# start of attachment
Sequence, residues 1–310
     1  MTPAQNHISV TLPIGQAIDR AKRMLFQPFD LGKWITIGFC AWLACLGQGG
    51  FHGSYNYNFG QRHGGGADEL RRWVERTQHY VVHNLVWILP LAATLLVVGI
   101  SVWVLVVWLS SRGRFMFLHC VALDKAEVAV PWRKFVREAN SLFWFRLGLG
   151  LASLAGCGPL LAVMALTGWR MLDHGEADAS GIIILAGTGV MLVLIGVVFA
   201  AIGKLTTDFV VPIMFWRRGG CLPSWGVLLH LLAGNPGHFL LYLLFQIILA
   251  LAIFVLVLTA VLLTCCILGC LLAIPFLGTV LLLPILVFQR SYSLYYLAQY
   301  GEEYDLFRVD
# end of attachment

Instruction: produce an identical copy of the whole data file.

Sequence, residues 1–310
     1  MTPAQNHISV TLPIGQAIDR AKRMLFQPFD LGKWITIGFC AWLACLGQGG
    51  FHGSYNYNFG QRHGGGADEL RRWVERTQHY VVHNLVWILP LAATLLVVGI
   101  SVWVLVVWLS SRGRFMFLHC VALDKAEVAV PWRKFVREAN SLFWFRLGLG
   151  LASLAGCGPL LAVMALTGWR MLDHGEADAS GIIILAGTGV MLVLIGVVFA
   201  AIGKLTTDFV VPIMFWRRGG CLPSWGVLLH LLAGNPGHFL LYLLFQIILA
   251  LAIFVLVLTA VLLTCCILGC LLAIPFLGTV LLLPILVFQR SYSLYYLAQY
   301  GEEYDLFRVD